Oscar Actors: Ure, Mary–Background, Career, Awards (Suicide)

Mary Ure became the second Scottish-born actress (after Deborah Kerr) to be nominated for an Oscar Award, for her role in the 1960 film Sons and Lovers.

Born as Eileen Mary Ure in Glasgow on Feb 18, 1933,  Ure was the daughter of civil engineer Colin McGregor Ure and Edith Swinburne. She went to the independent Mount School in York, where in 1951 she played the role of the Virgin Mary in the York Cycle of Mystery Plays, revived for the Festival of Britain.

She trained for the stage at the Royal Central School of Speech and Drama, then based at the Royal Albert Hall, London.

In her final year, 1954, she won the Carlton Hobbs Bursary to join the Radio Drama Company, but declined it. Known for her beauty, Ure began performing on the London stage and quickly developed a reputation  as a dramatic actress.

She made her London debut as Amanda in “Time Remembered” (1954).

Look Back in Anger

She played a leading role as Alison Porter in John Osborne’s new play Look Back in Anger (1956). In 1958, she was in the Broadway production of Look Back in Anger and earned a Tony Award nomination for Best Dramatic Actress.

She also performed a season with the Royal Shakespeare Company at Stratford-upon-Avon and, while pregnant, performed in the 1960 London production of The Changeling at the Royal Court.

But her growing alcoholism affected her stage career to the point that she was fired from the 1974 pre-Broadway production of Love for Love and was replaced by her understudy, Glenn Close.

Ure first appeared on screen in Storm Over The Nile in 1955 and then transferred her fragile, captivating portrayal of “Alison Porter” from stage to screen in the 1959 film adaptation of Look Back in Anger. In 1960 she appeared in the film Sons and Lovers as Clara Dawes, earning nominations for both the Golden Globe Award and the Best Supporting Actress Oscar.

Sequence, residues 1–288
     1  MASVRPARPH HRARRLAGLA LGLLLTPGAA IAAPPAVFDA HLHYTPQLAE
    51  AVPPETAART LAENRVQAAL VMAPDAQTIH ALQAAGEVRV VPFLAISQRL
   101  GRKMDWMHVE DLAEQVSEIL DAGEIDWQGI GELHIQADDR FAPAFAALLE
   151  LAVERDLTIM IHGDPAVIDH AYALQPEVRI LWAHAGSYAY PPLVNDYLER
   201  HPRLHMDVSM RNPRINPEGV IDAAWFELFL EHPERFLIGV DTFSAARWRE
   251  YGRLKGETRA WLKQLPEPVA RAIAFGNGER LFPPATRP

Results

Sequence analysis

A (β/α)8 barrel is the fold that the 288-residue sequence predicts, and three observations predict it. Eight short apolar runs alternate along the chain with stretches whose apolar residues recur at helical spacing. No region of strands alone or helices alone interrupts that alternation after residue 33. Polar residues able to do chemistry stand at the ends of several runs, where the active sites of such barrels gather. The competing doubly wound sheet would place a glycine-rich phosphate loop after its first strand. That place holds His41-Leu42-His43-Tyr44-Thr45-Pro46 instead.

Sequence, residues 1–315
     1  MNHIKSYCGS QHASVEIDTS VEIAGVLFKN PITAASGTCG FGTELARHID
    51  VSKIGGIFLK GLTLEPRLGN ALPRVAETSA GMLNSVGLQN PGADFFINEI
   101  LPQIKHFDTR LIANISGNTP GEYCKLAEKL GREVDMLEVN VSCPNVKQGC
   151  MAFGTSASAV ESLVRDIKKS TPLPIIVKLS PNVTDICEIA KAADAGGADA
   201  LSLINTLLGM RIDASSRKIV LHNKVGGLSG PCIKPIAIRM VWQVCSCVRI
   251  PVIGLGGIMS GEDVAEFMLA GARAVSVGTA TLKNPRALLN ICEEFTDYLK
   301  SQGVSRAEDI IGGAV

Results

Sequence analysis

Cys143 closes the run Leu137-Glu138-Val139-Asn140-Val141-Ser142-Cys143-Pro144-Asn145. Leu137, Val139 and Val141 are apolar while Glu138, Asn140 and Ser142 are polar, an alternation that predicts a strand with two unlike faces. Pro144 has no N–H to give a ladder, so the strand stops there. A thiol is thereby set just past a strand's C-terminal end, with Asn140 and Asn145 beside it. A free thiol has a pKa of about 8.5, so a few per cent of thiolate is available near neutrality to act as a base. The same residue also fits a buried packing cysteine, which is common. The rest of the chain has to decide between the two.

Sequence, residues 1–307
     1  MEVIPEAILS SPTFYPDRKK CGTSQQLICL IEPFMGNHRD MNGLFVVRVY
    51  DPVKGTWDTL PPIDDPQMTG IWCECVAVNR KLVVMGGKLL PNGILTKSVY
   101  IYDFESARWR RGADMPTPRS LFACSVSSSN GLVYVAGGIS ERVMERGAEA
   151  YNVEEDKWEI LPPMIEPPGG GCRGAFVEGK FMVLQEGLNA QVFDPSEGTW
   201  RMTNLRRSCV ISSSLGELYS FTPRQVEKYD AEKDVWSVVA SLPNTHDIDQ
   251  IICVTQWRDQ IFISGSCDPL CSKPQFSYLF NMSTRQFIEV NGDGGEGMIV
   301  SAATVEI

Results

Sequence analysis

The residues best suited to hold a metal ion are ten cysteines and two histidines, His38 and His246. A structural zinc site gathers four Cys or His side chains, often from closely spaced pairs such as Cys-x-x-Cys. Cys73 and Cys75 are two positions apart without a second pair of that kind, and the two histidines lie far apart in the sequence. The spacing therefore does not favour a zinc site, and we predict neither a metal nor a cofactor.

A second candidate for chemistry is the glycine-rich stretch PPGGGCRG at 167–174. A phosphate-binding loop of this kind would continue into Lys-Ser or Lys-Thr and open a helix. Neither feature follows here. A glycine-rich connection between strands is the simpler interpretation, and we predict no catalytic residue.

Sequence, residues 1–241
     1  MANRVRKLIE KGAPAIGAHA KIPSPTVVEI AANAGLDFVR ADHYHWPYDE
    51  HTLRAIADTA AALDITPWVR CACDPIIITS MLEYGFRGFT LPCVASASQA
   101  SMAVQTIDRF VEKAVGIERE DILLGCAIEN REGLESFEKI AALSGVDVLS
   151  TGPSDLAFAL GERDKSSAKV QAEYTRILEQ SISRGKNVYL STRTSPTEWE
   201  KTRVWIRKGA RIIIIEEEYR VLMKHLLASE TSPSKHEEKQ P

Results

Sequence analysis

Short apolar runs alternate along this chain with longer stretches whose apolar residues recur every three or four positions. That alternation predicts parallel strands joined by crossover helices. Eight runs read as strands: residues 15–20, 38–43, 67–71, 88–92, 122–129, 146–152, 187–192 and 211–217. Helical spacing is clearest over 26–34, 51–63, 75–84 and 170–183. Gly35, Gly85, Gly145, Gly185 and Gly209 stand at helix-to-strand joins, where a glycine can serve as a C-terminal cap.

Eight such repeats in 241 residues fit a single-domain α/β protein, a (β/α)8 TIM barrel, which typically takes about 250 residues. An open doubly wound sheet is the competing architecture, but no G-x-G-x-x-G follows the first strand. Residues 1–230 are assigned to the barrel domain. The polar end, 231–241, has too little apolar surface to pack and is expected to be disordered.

In 1963, after an absence of three years, she returned to film in the sci-fi drama The Mind Benders. She followed with roles in The Luck of Ginger Coffey (1964) and Custer of the West (1967), both with then-husband Robert Shaw.

After 1968’s Where Eagles Dare, Ure’s next and last film appearance, in 1971’s A Reflection of Fear co-starring her husband.

In 1956, Ure began an affair with married playwright John Osborne while working on Look Back in Anger. The couple married in 1957, had a son Colin in 1961, but divorced in 1963. Osborne had continued having affairs during the marriage, and Ure began an affair with her co-star Robert Shaw in 1959, while the two were performing in The Changeling.

Ure and Shaw married in 1963, with Shaw immediately adopting Colin.[5] Ure and Shaw had three more children together: Elizabeth (born 1963), Hannah (born 1965) and actor Ian Shaw (born 1969).[4] Ure and Shaw were still married at the time of her death.

Ure suffered from alcoholism coupled with deterioration of her mental health through the early 1970s.

On April 2, 1975 she appeared on the London stage with Honor Blackman and Brian Blessed in an adaptation of the teleplay The Exorcism, and after a disastrous opening night was found dead, aged 42, from an overdose of alcohol and barbiturates. Her body was discovered by her husband Robert Shaw in their London home.


Storm Over the Nile (1955) – Mary Burroughs
Windom’s Way (1957) – Lee Windom
Look Back in Anger (1958) – Alison Porter
Sons and Lovers (1960) (Nominee Best Supporting Actress Oscar and Golden Globe) – Clara Dawes
The Mind Benders (1963) – Oonagh Longman
The Luck of Ginger Coffey (1964) – Vera Coffey
Custer of the West (1967) – Elizabeth Custer
Where Eagles Dare (1968) – Mary Ellison
A Reflection of Fear (1971) – Katherine